More than 30 people were injured over the weekend in the most violent clashes in Romania since the 1989 revolution, as protesters vented anger at austerity measures.

Romanian PM ignores court, heads to EU summit

EU leaders may be at odds over what to say at today's key summit, but Romanian politicians cannot even decide who should attend. A court ruling has not put an end to the squabbling.

Slovakia's government stares into the abyss

When a pro-western coalition swept to power in Slovak elections in 2020, many saw it as the start of a new era. Yet fast forward two-and-a-half years, and the four-party coalition is teetering on the brink of collapse.

Draghi's grip on power finally unravels

Italy looked set to lose its highly-respected prime minister Mario Draghi on Thursday, after his attempt to relaunch his grand coalition government ended with right-wing parties joining the populist Five Star Movement (M5S) in deserting him.

Column

Albania's post-communist dream has lessons for Ukraine

Comparisons between post-communist Albania and current-day Ukraine are fascinating — and make many pertinent parallels. Ukrainians have a similar determination to belong to "the rest of Europe" as Albanians.

Opinion

Finally, the victims of Utøya got a memorial

A legal battle between locals on the one hand and the state and the labour youth organisation on the other side postponed the inception of the memorial in remembrance of the victims of Anders Behring Breivik.

News in Brief

  1. China joins Russian military exercises in Vostok
  2. Ukraine nuclear plant damage would be 'suicide', says UN chief
  3. Denmark to invest €5.5bn in new warships
  4. German economy stagnates, finance ministry says
  5. Syria received stolen grain, says Ukraine envoy
  6. Truss still leads in next UK PM polling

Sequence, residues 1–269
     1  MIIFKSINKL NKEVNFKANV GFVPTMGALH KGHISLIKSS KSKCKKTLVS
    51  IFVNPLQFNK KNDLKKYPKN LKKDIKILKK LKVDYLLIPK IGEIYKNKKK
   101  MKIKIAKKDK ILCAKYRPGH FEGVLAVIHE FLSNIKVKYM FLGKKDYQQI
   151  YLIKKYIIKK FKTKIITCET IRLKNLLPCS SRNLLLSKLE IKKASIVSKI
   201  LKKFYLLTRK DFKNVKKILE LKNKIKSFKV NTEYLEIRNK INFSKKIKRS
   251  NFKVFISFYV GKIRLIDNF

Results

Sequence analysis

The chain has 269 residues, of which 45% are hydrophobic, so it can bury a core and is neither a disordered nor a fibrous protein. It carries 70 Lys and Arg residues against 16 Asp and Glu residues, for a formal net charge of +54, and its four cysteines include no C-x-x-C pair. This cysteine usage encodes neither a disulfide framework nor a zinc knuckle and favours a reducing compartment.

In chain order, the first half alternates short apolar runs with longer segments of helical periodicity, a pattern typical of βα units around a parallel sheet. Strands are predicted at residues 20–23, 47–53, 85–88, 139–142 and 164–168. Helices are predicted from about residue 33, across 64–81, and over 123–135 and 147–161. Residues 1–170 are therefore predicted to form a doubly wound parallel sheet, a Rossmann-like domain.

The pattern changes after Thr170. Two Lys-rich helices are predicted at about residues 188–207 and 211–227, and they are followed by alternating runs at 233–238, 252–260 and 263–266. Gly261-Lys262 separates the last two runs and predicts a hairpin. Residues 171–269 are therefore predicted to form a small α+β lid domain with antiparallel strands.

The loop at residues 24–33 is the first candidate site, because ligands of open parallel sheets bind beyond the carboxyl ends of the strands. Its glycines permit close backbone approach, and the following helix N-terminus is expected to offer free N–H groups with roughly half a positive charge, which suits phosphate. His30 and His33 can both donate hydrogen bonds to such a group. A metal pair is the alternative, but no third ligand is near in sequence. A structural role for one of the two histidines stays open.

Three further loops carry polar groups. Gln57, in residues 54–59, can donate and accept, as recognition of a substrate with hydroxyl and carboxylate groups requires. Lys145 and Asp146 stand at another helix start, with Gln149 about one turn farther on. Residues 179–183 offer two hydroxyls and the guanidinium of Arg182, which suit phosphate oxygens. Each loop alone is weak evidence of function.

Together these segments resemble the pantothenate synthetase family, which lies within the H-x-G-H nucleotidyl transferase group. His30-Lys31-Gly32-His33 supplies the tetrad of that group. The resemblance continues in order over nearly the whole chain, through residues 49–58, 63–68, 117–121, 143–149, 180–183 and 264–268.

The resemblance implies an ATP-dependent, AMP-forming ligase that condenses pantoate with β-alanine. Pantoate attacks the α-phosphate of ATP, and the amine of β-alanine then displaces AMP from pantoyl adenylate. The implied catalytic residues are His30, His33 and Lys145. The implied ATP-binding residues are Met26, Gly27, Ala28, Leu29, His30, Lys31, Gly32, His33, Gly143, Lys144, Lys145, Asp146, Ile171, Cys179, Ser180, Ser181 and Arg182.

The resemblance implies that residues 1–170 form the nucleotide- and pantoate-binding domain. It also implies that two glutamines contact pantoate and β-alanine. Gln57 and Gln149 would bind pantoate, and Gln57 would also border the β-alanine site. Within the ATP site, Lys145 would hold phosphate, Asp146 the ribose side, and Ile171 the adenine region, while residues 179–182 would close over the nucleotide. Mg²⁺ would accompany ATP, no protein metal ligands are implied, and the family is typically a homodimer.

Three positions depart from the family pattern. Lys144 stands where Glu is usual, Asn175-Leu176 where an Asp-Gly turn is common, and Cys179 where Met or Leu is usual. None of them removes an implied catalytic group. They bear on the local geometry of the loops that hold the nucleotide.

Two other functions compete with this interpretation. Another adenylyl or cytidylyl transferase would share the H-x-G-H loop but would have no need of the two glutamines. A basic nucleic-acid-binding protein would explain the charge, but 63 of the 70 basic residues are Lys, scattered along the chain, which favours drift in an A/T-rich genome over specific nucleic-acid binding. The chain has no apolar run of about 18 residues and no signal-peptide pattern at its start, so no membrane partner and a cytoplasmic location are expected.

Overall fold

7. UN chief meets Zelensky and Erdogan over grain exports
  8. Fighting stalls ahead of UN visit, Ukraine says

Stakeholders' Highlights

  1. Nordic Council of MinistersNordic prime ministers: “We will deepen co-operation on defence”
  2. EFBWW – EFBH – FETBBConstruction workers can check wages and working conditions in 36 countries
  3. Nordic Council of MinistersNordic and Canadian ministers join forces to combat harmful content online
  4. European Centre for Press and Media FreedomEuropean Anti-SLAPP Conference 2022
  5. Nordic Council of MinistersNordic ministers write to EU about new food labelling
  6. Nordic Council of MinistersEmerging journalists from the Nordics and Canada report the facts of the climate crisis

Latest News

  1. European inflation hits 25-year high, driven by energy spike
  2. No breakthrough in EU-hosted Kosovo/Serbia talks
  3. Letter to the Editor: Rosatom responds on Zaporizhzhia
  4. Could the central Asian 'stan' states turn away from Moscow?
  5. Serbia expects difficult talks with Kosovo at EU meeting
  6. How scary is threat to Ukraine's Zaporizhzhia nuclear plant?
  7. Slovakia's government stares into the abyss
  8. Finland restricts Russian tourist visas

Join EUobserver

Support quality EU news

Join us